The U.S. Surgeon General said Saturday that he did not regret characterizing gun violence as public health issue, despite the fierce opposition to his confirmation from gun rights lobbyists that his statement on the issue prompted.

Surgeon General Vivek Murthy made the comments when speaking at the Asian American Journalists Association convention gala in San Francisco, the Associated Press reported.

The nation's chief physician said he still believes gun violence is a preventable health problem, comparing it to seat belts and swimming pool safety, the agency added.

Murthy was confirmed to his post in Dec. 2014, amid strenuous opposition from the National Rifle Association (NRA) and other pro-firearms groups, as well as from many Republicans.

Republicans senators had questioned Murthy's political involvement during his confirmation process, with Senator Ted Cruz of Texas branding him “an anti-gun activist.” The NRA had said that confirmation of Murthy “would pose a serious threat to the rights of gun owners,” Bloomberg reported.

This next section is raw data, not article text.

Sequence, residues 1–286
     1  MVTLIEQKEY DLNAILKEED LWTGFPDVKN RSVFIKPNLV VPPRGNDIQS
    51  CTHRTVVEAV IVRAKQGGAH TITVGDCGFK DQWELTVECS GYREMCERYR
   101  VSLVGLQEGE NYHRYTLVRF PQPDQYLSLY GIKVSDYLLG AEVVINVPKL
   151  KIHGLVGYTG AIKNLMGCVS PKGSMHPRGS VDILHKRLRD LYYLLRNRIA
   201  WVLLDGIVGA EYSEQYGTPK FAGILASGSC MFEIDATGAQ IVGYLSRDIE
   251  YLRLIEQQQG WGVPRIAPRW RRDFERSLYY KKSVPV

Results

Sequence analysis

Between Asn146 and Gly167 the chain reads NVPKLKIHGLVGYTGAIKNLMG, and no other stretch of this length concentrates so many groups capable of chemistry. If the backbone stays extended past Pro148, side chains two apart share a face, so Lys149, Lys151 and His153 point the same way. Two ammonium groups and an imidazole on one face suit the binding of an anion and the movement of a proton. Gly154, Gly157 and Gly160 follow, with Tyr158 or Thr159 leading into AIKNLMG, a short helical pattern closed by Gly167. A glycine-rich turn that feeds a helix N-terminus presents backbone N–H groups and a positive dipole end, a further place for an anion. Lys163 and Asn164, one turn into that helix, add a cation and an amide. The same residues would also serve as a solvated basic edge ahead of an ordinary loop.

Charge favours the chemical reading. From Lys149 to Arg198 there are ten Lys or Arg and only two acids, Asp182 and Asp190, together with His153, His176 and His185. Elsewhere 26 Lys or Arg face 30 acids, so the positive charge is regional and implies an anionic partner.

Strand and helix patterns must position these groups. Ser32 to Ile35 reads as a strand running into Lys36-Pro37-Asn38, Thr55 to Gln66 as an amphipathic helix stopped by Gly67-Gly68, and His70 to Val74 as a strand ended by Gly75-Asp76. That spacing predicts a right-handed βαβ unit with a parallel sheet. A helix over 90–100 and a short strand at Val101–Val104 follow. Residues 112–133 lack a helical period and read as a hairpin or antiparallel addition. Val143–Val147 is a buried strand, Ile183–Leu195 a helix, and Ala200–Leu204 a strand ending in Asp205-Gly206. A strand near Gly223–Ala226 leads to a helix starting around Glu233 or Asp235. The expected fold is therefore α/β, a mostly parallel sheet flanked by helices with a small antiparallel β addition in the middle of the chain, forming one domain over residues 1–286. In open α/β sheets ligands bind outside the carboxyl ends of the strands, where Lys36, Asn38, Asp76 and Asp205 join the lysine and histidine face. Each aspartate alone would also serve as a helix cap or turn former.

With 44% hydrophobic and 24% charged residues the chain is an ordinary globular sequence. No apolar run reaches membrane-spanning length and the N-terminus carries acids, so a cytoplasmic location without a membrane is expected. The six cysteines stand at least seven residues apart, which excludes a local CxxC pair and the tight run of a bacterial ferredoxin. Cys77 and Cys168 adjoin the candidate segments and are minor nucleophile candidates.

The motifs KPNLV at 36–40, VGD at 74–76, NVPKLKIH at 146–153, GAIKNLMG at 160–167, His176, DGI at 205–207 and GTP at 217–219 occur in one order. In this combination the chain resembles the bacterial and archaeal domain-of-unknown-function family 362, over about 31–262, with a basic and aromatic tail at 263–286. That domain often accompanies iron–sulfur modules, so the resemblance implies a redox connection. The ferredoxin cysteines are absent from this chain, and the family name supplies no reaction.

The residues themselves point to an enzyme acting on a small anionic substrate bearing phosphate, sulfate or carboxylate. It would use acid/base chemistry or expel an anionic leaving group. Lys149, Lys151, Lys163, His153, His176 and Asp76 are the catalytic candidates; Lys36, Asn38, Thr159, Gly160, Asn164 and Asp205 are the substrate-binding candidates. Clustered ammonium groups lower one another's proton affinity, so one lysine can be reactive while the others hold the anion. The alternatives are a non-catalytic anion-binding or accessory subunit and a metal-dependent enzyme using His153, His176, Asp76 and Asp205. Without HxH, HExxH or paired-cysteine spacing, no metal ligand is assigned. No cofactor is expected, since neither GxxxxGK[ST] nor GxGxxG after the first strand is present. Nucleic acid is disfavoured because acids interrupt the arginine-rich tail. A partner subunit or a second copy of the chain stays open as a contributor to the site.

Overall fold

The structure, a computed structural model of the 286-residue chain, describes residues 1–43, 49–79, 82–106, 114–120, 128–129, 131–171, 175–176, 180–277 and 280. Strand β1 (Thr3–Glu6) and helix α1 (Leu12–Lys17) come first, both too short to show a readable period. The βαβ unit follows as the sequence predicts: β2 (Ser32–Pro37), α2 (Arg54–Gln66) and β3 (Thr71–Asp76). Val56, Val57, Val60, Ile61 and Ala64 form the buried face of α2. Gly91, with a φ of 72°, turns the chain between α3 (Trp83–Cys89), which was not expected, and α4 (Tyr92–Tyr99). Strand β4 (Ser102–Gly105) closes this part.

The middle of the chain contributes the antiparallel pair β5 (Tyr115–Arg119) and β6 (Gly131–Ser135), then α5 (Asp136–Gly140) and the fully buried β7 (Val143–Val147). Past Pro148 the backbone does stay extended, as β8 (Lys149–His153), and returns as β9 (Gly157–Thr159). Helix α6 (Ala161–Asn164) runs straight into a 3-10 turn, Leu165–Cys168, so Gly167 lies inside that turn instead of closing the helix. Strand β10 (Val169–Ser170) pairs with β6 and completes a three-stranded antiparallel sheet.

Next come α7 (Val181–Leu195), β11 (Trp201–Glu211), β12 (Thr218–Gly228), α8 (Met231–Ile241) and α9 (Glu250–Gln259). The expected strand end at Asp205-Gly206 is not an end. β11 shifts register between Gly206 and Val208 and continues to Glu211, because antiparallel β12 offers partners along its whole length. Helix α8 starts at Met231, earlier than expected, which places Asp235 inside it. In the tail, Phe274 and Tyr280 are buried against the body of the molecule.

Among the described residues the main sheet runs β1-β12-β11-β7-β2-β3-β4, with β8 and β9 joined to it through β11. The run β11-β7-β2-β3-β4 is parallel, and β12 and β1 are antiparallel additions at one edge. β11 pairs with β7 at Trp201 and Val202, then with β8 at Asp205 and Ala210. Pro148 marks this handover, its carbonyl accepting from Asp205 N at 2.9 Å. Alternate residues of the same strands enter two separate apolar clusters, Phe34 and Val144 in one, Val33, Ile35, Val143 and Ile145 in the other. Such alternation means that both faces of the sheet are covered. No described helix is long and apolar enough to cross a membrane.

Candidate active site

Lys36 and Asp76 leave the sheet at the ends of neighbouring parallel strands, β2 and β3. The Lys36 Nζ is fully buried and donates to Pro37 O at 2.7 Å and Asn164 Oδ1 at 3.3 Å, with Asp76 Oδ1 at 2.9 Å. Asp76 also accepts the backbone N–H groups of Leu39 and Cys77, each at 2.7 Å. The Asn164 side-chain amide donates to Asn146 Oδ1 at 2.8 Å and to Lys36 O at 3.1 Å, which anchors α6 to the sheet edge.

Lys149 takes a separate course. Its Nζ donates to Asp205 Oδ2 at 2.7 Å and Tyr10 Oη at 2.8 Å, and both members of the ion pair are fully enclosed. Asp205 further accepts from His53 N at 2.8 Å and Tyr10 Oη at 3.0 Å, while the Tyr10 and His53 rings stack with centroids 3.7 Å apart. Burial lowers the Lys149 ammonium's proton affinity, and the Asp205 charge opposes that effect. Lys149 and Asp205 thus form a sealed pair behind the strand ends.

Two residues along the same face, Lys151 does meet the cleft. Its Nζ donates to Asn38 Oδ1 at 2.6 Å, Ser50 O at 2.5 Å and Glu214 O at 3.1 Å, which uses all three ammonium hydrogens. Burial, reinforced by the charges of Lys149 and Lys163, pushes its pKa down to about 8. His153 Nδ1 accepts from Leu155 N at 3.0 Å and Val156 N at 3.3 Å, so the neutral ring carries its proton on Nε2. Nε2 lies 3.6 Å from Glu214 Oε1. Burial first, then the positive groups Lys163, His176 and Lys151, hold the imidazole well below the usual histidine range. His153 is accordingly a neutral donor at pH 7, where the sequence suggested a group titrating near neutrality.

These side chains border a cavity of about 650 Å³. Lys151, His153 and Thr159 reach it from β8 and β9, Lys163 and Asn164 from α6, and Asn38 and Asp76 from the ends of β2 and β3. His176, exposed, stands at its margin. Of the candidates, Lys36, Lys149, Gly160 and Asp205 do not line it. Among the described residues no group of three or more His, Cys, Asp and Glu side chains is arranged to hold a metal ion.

In 2012, Murthy tweeted: “ Tired of politicians playing politics w/guns, putting lives at risk b/c they're scared of NRA. Guns are a health care issue," the Washington Post reported.

Murthy was confirmed to the post more than a year and half after being nominated by President Obama. He was a vocal campaigner for Obama's election, and a supporter of the Affordable Care Act, Obama's controversial legislative centerpiece.

Murthy is not the only leading member of the medical community to have characterized gun violence as a public health issue. In Feb. 2015, seven medical groups representing most U.S. physicians issued a call to action, seeking to recast gun-related deaths as a public health crisis, the Huffington Post reported.